It's now time to create a folder within your system.
Yes, you could just do this via Finder or whatever tool you use to browse and create files now. However, there are advantages to doing this via the terminal, especially
if you want to get more into programming!
How does one go about creating a folder in Terminal? Time for a new command!
Use the command
mkdir to create a directory.
mkdir is short for "make directory." Specify the name of the directory (folder) you want to create just after it. If I wanted to create a folder called
new-folder , I would run:
Let's look at concrete examples.
Scenario: You're at university, and you've just started your second semester. On your computer, you have a complete folder called "First semester" that holds all your first semester coursework. You need to create the same folder for your second semester coursework.
The first semester folder that you'll use as inspiration is organized like this:
You'll create this same equivalent for second semester coursework...using Terminal, of course. 👍
Why is this important? Once you get into any kind of programming (design, front-end, back-end, and more), you'll almost always create folders and files for your code via the command line. You'll have a huge advantage as a beginner if you're comfortable with this.
From your command line, make sure you are in a place in your system that you can remember. The "Desktop" or "Documents" folder could be a good place to be.
You can run the following commands, hitting the Enterkey after each.
Print the working directory (see where you are):
List the contents of your current directory:
Change directories into the Desktop directory (if you don't have a Desktop folder, it's fine. Substitute another folder name from the list outputted by the
Make a directory (folder) called School:
Change directories into the School directory:
Your Terminal window will look like this:
Folder names with multiple words
In our example, the folder should be called "Second semester." We've just created a folder called "School" in order to stay organized. In theory, I'd run
mkdir Second semester to create a folder inside called "Second semester," right?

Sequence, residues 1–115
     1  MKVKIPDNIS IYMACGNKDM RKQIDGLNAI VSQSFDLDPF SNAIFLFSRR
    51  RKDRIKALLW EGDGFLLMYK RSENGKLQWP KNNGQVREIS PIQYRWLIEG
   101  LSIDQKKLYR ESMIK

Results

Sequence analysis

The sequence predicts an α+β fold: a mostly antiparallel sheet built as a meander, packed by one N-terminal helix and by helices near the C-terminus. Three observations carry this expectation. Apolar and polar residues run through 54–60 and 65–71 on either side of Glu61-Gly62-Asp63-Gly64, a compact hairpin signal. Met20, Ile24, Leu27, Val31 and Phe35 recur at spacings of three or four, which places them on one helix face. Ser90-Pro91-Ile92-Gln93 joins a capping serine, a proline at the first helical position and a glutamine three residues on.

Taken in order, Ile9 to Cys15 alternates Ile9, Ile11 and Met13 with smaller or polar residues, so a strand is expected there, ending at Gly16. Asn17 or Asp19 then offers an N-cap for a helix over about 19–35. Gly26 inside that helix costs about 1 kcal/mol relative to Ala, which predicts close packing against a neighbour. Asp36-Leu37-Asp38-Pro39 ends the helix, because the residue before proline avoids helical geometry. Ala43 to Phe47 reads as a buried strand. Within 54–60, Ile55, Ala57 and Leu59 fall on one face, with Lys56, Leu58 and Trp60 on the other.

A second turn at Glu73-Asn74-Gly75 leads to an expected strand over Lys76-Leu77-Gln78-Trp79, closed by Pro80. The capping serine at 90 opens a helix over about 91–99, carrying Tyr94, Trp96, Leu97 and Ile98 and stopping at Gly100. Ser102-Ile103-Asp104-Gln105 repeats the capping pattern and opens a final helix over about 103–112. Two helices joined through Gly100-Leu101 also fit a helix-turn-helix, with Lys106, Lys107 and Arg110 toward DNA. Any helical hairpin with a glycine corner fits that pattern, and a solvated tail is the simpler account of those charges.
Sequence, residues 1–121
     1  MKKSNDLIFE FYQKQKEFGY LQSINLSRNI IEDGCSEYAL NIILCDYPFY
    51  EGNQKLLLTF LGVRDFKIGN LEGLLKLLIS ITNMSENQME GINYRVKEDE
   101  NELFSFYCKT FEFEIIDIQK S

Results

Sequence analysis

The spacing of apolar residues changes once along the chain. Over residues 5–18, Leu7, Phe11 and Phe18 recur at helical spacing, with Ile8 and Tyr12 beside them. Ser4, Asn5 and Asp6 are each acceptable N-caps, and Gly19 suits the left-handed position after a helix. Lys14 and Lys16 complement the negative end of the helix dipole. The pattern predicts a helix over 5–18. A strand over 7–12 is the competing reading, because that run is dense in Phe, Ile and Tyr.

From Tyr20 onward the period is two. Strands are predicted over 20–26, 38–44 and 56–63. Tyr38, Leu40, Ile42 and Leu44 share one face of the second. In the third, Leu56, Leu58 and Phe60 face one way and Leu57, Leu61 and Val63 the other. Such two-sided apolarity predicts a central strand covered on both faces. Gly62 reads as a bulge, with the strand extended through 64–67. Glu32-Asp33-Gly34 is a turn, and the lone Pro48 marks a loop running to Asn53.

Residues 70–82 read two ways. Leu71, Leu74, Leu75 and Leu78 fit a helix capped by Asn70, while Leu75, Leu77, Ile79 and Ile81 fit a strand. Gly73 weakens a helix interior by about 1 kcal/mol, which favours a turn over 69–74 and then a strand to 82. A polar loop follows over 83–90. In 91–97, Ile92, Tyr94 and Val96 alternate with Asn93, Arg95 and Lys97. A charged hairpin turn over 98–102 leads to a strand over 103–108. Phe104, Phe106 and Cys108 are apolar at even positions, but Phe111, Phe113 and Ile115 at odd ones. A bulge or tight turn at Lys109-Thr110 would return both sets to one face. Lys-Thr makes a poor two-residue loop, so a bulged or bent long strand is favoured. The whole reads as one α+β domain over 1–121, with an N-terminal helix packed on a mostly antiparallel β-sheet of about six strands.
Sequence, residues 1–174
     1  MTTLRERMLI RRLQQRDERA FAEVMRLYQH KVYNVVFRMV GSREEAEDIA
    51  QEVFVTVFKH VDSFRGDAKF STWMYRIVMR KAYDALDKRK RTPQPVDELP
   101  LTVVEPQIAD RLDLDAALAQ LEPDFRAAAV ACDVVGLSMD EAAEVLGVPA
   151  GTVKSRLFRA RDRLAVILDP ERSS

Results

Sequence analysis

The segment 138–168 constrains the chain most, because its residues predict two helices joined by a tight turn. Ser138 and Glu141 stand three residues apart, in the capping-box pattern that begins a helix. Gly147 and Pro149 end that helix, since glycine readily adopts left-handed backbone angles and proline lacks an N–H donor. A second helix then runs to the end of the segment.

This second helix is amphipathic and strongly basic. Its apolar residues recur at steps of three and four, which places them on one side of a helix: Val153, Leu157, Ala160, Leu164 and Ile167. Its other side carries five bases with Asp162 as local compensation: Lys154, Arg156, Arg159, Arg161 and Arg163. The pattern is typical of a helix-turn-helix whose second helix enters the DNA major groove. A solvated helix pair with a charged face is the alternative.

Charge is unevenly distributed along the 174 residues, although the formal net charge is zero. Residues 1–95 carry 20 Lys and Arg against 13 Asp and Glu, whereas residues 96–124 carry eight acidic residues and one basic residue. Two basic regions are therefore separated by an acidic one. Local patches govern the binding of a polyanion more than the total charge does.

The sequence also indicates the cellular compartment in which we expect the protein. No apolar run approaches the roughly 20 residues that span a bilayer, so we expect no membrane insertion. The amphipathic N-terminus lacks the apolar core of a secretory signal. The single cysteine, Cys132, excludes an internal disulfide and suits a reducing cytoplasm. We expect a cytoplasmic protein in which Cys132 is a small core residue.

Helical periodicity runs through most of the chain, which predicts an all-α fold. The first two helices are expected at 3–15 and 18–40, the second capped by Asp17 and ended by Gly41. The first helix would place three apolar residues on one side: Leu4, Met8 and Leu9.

Nope! 😖 You need to make special considerations for folder names that contain spaces.
Notice that, by running
mkdir Second semester , two folders (1. "Second," 2. "Semester") are created instead of one:
mkdir Second semester, I've accidentally created 2 files: one called "Second" and one called "semester." This is because my computer interprets the space between the two words as a delineation between two folders names, not just a space in the middle of one name.
Clearly, we need a different way to indicate "Second semester" is all one file name; not two separate ones.
Multi-word folder solutions
To create or reference a folder with multiple words in it, you have three options:
use quotation marks, i.e.,
mkdir "Second semester"
This says the folder name should include all characters inside the quotation marks.
escape the special character (the character you're computer is interpreting in a special way) using a backslash, i.e,
mkdir Second\ semester
This says that the special meaning of the space between "Second" and "semester" should be ignored. We want a space to just be a literal space, not for Terminal to interpret it as a way to separate multiple folder names.
In programming, you'll often use backslashes to escape special characters!
use hyphens instead of spaces to create a different folder name entirely (i.e.,
You can use quotation marks: 👍
Or escape (meaning ignore the special meaning of) the space by prefacing it with a backslash, a confusing but common programming habit:
Whether you use quotation marks or a backslash in order to create folders with multiple words, you'll be all set.
Now it's your turn! Create folders for the school subjects listed above:
Creating folders is exactly the same process whether or not there will be code inside of them. A folder is just a folder! However, when you're a programmer, it's important to keep your code structured and organized.
Maybe you don't have any experience yet with HTML or CSS, the languages you'll use to set up the content and appearance of web pages. That's totally fine. I just want to show you the classic structure of these kinds of projects so you can see that folder creation via Terminal isn't just useful for school purposes: it's also the kind of thing programmers do every day.
Many programmers use a very classic folder and file structure when building basic webpages. They'll put the code in one folder named for the project with several subfolders inside in order to organize their code well.
These subfolders could include an
img subfolder for holding images that will appear on the website or a
css folder to hold all the CSS, i.e., style rules for the project (which color the text should be, how big the headers will be, etc).
Below is a screenshot from the project's documentation. The dot at the top left of the image represents the overall project folder. Inside, you can see there are indeed
img folders, as well as a file called
index.html which we'll create in the next chapter.
This is the ultimate folder structure we want, visualized in Finder:
The required commands to run as a series are as follows (from within your Desktop folder or wherever you're choosing to create your examples):
Here's what this looks like in Terminal:
Once you have your desired folder organization set up, we can move onto another task in the next chapter: creating files in these folders. We'll stick with the same examples: one non-code-related, one code-related!